the booming of the gong ceased. There was silence behind us. That neck
of land is narrow. Before I heard my brother fire the third shot I saw
the shelving shore, and I saw the water again; the mouth of a broad river.
We crossed a grassy glade. We ran down to the water. I saw a low hut above
the black mud, and a small canoe hauled up. I heard another shot behind
me. I thought, 'That is his last charge.' We rushed down to the canoe;
a man came running from the hut, but I leaped on him, and we rolled together
in the mud. Then I got up, and he lay still at my feet. I don't know whether
I had killed him or not. I and Diamelen pushed the canoe afloat. I heard
yells behind me, and I saw my brother run across the glade. Many men were
bounding after him, I took her in my arms and threw her into the boat,
then leaped in myself. When I looked back I saw that my brother had fallen.
He fell and was up again, but the men were closing round him. He shouted,
'I am coming!' The men were close to him. I looked. Many men. Then I looked
at her. Tuan, I pushed the canoe! I pushed it into deep water. She was
kneeling forward looking at me, and I said, 'Take your paddle,' while I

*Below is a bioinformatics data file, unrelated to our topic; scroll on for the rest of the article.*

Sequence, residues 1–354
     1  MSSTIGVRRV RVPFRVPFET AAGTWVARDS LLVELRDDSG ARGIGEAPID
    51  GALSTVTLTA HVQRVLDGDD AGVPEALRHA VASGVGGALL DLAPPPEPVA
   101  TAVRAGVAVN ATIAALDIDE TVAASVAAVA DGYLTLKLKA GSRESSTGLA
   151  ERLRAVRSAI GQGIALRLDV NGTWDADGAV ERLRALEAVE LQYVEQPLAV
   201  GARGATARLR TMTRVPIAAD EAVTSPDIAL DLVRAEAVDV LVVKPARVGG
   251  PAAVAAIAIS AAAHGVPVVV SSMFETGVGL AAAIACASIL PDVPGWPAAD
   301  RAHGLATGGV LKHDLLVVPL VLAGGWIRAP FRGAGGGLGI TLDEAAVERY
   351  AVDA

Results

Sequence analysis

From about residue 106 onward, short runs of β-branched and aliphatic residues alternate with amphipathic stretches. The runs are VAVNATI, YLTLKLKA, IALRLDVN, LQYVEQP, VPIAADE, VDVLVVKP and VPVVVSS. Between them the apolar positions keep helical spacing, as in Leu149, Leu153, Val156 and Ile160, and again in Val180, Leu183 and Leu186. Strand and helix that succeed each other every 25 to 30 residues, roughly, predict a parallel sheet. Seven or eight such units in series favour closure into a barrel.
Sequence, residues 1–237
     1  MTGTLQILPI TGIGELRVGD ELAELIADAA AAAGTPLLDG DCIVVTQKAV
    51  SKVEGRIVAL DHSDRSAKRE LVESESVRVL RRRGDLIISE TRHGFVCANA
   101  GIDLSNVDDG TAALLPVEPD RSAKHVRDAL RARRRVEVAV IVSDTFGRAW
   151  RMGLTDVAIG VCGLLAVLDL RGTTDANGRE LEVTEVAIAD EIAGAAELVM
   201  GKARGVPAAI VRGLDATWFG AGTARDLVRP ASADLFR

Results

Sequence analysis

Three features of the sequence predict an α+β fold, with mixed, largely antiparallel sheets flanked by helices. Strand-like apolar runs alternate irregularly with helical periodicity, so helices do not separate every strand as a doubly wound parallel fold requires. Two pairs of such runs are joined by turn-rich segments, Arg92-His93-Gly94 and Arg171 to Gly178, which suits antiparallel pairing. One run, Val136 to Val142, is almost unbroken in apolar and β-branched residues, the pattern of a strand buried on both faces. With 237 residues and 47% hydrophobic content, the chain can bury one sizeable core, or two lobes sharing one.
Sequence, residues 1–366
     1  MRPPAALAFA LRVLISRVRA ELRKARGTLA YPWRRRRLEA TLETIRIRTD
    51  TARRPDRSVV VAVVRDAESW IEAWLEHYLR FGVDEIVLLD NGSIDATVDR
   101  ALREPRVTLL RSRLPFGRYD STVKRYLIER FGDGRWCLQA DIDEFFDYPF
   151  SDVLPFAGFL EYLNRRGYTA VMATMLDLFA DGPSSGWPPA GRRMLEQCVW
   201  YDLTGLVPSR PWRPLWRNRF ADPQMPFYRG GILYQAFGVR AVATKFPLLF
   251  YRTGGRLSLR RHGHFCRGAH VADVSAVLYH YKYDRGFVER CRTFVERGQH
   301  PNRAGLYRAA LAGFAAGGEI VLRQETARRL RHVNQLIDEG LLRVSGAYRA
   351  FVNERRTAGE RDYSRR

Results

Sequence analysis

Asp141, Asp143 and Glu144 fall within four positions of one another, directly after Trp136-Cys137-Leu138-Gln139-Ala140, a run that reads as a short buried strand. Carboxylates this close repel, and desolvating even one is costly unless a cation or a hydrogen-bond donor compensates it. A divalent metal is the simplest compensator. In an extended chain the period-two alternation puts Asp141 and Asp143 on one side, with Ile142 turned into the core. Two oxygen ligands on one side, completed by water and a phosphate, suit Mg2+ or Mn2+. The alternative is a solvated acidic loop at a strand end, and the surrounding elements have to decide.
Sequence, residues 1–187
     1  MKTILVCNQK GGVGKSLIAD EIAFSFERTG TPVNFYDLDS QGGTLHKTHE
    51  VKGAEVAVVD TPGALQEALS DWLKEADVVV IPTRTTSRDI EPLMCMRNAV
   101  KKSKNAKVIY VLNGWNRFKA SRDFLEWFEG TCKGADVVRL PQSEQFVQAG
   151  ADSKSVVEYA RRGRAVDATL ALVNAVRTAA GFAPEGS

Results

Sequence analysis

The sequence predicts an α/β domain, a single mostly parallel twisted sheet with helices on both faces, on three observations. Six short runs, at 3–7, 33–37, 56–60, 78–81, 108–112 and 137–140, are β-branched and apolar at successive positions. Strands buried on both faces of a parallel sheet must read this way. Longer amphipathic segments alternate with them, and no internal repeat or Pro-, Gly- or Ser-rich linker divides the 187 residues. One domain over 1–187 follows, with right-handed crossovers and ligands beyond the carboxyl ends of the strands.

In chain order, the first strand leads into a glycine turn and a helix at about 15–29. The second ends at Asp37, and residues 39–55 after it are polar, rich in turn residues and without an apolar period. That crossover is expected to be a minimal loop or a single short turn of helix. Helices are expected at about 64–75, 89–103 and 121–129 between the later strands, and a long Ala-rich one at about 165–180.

struck the water with mine. Tuan, I heard him cry. I heard him cry my name
twice; and I heard voices shouting, 'Kill! Strike!' I never turned back.
I heard him calling my name again with a great shriek, as when life is
going out together with the voice--and I never turned my head. My own name!
. . . My brother! Three times he called--but I was not afraid of life.
Was she not there in that canoe? And could I not with her find a country
where death is forgotten--where death is unknown!"
The white man sat up. Arsat rose and stood, an indistinct
and silent figure above the dying embers of the fire. Over the lagoon a
mist drifting and low had crept, erasing slowly the glittering images of
the stars. And now a great expanse of white vapour covered the land: it
flowed cold and gray in the darkness, eddied in noiseless whirls round
the tree-trunks and about the platform of the house, which seemed to float
upon a restless and impalpable illusion of a sea. Only far away the tops